SA Orthopaedic Journal
On-line version ISSN 2309-8309
Print version ISSN 1681-150X
BACKGROUND: Pelvic fractures in the paediatric population are rare. The skeletally immature pelvis is flexible and therefore a pelvic fracture suggests significant force with a high association of concomitant injuries. Despite these being potentially devastating injuries there are no clear outlines with respect to the investigation, classification and management of these fractures. MATERIALS AND METHODS: We retrospectively reviewed 20 children with pelvic fractures. We utilised the Injury Severity Score (ISS) and Revised Trauma Score (RTS) to assess the physiological instability of the patient. The Torode and Zieg classification was used to describe pelvic fractures. At follow-up the functional independence for self-care, mobility and cognition was assessed. RESULTS: Pelvic fractures represented only 0.03% of paediatric orthopaedic admissions. Concomitant injuries were present in 55% of patients. Four of the 20 pelvic fractures were unstable (type 4), of which three required ICU admission and external pelvic fixation for haemodynamic instability. At a mean follow-up of 4 months all patients were functionally independent. CONCLUSIONS: Although rare, pelvic fractures in children have a high rate (55%) of concomitant injuries. The ISS and RTS scoring systems are useful to predict the severity of the injury. Conservative management and external pelvic fixation (in haemodynamically unstable type 4 fractures) resulted in favourable outcomes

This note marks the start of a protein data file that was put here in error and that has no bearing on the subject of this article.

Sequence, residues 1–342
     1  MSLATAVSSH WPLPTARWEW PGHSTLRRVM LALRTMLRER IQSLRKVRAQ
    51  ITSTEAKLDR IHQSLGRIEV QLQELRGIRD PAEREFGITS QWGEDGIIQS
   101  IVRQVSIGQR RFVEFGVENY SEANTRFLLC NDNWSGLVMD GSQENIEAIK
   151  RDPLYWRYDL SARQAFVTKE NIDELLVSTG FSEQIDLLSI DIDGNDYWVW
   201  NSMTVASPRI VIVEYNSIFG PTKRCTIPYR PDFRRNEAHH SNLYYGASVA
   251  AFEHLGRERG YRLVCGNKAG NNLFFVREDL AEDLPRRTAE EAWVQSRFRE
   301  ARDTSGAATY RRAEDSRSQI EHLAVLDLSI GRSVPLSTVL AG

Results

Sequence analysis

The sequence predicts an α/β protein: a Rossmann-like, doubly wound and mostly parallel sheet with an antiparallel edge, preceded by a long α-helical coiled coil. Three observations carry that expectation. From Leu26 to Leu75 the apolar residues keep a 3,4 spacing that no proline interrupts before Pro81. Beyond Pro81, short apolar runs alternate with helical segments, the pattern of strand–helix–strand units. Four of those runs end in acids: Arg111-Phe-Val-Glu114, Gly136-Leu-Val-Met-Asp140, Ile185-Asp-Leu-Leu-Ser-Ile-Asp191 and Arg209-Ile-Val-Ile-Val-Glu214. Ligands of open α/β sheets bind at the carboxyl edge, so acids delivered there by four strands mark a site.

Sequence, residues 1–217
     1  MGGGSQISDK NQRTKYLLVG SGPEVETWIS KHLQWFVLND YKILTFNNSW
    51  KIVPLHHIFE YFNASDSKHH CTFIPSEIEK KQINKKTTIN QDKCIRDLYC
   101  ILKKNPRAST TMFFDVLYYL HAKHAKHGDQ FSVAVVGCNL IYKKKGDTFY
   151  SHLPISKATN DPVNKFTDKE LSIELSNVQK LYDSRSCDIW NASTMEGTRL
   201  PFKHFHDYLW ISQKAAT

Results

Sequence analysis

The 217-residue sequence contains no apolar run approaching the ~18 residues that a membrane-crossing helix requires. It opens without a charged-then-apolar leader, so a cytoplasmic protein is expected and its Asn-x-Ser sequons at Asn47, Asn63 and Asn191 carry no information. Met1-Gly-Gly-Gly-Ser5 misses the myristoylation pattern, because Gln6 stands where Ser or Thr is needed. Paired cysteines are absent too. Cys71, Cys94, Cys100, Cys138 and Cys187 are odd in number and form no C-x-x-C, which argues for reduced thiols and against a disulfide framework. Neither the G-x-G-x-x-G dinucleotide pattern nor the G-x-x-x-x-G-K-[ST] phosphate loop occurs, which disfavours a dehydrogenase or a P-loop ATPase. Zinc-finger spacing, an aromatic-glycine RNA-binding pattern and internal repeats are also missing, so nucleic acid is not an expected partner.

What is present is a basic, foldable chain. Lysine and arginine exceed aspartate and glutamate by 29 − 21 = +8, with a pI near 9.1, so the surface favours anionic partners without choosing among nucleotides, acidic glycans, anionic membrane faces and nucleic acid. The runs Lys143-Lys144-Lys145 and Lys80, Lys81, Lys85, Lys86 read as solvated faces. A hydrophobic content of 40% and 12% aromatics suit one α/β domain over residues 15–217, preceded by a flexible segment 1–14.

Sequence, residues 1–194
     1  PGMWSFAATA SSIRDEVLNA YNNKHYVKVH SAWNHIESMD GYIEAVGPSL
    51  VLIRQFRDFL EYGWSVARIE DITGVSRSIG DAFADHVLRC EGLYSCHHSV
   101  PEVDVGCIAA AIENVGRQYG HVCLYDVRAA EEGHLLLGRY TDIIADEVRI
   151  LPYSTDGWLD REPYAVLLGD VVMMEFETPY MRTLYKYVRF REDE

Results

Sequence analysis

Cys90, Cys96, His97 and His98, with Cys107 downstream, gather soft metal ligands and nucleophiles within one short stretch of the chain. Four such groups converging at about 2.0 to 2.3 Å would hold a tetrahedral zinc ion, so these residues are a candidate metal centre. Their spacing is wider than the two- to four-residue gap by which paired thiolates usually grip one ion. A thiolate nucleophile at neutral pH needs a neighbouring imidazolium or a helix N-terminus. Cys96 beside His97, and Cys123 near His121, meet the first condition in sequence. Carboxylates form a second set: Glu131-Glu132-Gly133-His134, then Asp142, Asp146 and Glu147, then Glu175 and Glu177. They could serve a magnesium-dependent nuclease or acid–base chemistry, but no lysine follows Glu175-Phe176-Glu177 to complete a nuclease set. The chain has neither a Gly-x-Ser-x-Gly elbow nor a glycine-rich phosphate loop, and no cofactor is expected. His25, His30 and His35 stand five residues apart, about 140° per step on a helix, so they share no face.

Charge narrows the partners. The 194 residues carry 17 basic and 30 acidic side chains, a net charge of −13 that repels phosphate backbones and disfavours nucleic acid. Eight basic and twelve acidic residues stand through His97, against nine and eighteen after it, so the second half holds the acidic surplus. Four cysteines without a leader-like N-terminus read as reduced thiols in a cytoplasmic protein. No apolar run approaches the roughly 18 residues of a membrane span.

Keywords : paediatric; pelvic; fractures; Torode and Zieg classification.